You list the MPCP, McKay, and tax credits as (net) positives in a “mixed bag.”

      Well, if the MPCP is a highlight, heaven help us; the financial, regulatory, and political climate is decidedly unhealthy. A previously-united choice political coalition is non-existent.

      Nationally, the % of K-12 students in real choice programs is miniscule.

      The bar is so low that Corbett’s proposal could generate enthusiasm from some quarters.

      George

      • Matthewladner says:

        George-

        It is true that the percentage of children utilizing private choice programs is still very small, but I take the long view on this:

        http://jaypgreene.com/2011/08/18/rational-optimism-on-k-12-reform/

      • George Mitchell says:

        Matt,

        The problem is not confined to the small % of children in private school choice programs. The programs are severely limited in terms of who is eligible, how much funding is provided, and the regulatory framework. Year-in and year-out the leaders of the school choice movement give legitimacy to piecemeal efforts. Supposedly, at some unknown point in the future, these inadequate programs will be changed. It is hard to envision the scenario under which that will occur, absent a fundamental change in the approach of those who purport to lead the national choice movement.

  4. Chad Aldis says:

    Big Ten country–no way. Pennsylvania and Nebraska will always be outsiders. If it were REALLY Big Ten country then it would have gotten done.

  5. matthewladner says:

    George-

    One of my favorite Star Trek the Next Generation episodes had Q lose his godlike powers, demoted to the status of a mere mortal. The crew of the Enterprise is struggling with a planet threatened by having a moon fall out of orbit, and Q breezily announces that the solution is simple: they should simply change the gravitational constant of the universe, and put the moon back into orbit.

    The crew explains to Q that they are incapable of changing the gravitational constant of the universe, putting Q at a loss for what to do.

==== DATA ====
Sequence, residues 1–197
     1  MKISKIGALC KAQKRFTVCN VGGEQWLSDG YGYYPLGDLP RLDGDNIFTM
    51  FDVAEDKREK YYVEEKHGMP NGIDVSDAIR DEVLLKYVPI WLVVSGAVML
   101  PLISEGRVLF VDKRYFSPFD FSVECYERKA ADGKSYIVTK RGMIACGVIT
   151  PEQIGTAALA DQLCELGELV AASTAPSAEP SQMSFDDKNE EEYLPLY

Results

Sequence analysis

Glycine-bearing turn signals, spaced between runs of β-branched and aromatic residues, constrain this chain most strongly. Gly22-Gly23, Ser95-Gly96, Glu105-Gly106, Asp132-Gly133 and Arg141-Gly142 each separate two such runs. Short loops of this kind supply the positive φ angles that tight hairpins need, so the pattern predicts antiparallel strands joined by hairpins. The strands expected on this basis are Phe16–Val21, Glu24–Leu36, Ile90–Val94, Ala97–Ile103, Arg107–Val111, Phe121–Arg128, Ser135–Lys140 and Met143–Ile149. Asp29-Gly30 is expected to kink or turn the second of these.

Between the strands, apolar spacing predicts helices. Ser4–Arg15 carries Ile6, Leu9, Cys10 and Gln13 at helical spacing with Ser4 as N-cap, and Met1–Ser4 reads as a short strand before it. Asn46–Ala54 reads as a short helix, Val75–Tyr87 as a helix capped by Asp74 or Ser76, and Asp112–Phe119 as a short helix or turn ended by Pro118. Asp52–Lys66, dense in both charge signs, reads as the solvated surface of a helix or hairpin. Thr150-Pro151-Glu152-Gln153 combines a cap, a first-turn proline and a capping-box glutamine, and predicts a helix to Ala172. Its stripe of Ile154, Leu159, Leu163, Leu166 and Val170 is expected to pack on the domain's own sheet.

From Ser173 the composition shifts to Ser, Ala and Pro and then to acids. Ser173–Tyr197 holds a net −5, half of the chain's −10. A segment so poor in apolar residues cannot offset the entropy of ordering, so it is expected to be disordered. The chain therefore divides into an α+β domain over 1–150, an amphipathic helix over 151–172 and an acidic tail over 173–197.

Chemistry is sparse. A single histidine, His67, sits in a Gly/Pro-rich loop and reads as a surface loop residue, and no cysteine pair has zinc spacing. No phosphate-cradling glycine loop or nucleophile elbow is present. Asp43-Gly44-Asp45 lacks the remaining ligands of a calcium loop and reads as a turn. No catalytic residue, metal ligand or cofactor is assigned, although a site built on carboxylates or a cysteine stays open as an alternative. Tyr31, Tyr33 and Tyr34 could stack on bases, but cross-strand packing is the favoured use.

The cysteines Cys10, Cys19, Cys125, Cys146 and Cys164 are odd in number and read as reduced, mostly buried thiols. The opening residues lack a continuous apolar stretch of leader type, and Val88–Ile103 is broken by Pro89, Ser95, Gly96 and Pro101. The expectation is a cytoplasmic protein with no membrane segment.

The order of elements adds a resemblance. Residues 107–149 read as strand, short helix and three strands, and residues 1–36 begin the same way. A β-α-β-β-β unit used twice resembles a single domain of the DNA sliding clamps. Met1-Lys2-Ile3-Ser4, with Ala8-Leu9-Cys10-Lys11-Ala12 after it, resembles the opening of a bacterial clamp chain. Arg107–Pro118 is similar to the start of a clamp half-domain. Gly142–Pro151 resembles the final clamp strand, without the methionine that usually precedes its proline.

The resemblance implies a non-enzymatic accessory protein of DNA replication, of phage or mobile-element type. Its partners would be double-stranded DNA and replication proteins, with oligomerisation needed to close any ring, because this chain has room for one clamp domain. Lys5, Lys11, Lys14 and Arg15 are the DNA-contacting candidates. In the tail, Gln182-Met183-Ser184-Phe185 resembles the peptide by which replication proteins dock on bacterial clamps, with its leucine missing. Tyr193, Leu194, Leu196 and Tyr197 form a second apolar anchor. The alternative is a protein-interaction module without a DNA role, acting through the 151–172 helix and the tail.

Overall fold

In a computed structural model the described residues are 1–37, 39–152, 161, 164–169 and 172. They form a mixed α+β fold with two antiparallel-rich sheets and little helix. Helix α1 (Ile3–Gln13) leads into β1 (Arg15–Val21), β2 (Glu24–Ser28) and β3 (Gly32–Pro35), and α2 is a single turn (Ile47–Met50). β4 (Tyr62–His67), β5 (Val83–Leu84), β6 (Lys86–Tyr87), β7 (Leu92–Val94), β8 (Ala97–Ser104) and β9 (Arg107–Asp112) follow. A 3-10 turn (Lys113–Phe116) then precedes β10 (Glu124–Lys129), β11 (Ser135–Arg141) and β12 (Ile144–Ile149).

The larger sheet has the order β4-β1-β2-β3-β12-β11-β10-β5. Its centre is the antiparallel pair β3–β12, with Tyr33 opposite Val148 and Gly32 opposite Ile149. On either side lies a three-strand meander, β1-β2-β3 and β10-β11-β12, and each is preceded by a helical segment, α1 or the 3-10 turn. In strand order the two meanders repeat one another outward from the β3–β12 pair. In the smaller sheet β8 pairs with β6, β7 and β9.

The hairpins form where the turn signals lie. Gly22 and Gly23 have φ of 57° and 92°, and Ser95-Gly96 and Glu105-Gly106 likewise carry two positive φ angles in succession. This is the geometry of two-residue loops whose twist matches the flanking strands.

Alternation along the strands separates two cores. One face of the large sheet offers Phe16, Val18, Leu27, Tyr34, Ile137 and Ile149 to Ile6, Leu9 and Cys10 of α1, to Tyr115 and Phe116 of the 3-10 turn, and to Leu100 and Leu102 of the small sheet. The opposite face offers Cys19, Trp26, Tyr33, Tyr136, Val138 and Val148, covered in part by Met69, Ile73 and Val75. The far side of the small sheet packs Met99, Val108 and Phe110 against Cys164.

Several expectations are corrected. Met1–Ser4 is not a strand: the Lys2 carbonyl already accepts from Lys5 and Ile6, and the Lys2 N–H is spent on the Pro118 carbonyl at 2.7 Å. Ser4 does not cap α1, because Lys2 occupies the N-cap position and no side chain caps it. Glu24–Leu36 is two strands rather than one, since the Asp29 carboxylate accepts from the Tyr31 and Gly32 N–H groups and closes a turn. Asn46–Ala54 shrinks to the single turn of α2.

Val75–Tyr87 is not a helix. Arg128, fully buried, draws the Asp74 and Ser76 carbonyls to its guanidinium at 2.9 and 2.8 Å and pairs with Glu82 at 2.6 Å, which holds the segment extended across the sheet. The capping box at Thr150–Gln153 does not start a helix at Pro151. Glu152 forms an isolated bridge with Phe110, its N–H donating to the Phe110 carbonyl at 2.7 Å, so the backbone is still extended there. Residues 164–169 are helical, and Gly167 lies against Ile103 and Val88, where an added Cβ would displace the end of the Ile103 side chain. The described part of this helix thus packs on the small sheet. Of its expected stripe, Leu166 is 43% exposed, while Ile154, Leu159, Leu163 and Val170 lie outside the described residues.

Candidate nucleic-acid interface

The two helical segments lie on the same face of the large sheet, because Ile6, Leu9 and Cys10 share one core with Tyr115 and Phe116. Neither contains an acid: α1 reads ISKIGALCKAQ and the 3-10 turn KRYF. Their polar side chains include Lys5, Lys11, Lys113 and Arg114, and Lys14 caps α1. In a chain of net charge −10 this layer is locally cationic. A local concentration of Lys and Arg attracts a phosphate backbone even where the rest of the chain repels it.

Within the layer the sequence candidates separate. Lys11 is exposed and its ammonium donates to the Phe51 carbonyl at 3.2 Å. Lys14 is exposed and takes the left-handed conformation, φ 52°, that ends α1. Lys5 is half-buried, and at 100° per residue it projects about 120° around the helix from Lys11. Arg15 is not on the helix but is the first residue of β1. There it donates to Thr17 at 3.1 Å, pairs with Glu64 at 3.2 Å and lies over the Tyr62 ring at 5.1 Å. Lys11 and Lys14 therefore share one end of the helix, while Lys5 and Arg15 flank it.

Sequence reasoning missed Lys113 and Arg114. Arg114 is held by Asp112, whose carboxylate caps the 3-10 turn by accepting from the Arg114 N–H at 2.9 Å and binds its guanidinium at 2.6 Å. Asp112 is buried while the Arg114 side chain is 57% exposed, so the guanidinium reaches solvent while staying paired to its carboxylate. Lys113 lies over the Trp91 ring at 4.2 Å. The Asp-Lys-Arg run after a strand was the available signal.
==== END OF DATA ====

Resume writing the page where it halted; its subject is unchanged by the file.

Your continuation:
Sadly in this case, incrementalism is the graviational constant of the American political universe. This is especially the case when whatever it is you are up to has powerful and entrenched opposition. In this case, school choice faces the most powerful state level opposition.

    I don’t want to make the same mistake that some White liberals used to make by urging southern Blacks to have “patience.” We should never be patient or satisfied. What they ought to have said is: “we are going to fight for this for as long and as hard as it takes. If the fight outlives me, it outlives me, but if so I am going to go down swinging and I hope you will too.”

    If there is a strategy to speed things up, color me interested. If not, I’ll keep hammering away. I hope you will too.

    • George Mitchell says:

      Matt,

      I understand the factors that dictate an incremental strategy. When it comes to school choice, the Milwaukee program was launched with those factors in mind.

      The limitations in every choice and tax credit program since then have been explained by the need to take the best we can get. (Some school choice supporters would dispute that the programs are as limited in scope as I claim.)

      You observe, “If there is a strategy to speed things up, color me interested.” For there to be such a strategy there would need to be a change of approach and outlook on the part of major national leaders in the movement. I don’t see evidence of that, but I could be wrong.

      Most recently, when Wisconsin’s Governor tried to “speed things up,” his effort to make all Milwaukee families eligible was thwarted by a key player in the school choice movement. Milwaukee is a middle class/working class community with a scattering of rich people who already send their children to private schools. Yet Walker’s initiative was cast in Obama-like class warfare terms by supposed school choice supporters.

      Perhaps in their private councils some key players in the school choice movement express concerns about the proliferation of poorly financed and poorly structured programs…programs leave the real potential of choice unexploited.

  6. matthewladner says:

    George-

    One could either celebrate the fact that a serious design flaw of the MPCP was vastly improved, or lament the fact that it is still imperfect. Given the gravitational constant, I’m inclined to do the former despite the fact that means testing is obviously irrational.

    After all, if Bill Gates moves to Milwaukee, should I be more upset if he gets $6,400 vouchers or enrolls his children in public school at $13,000 per child? No one would blink if he chose the public schools…

    I’m much happier to contemplate giving Bill’s kids $6,400 vouchers and poor kids $15,000 vouchers. Let the Gates kids help generate the savings needed to give larger aid to the poor.

    • George Mitchell says:

      While the Milwaukee program was improved this year, my regret involves the source of opposition to a breakthrough change.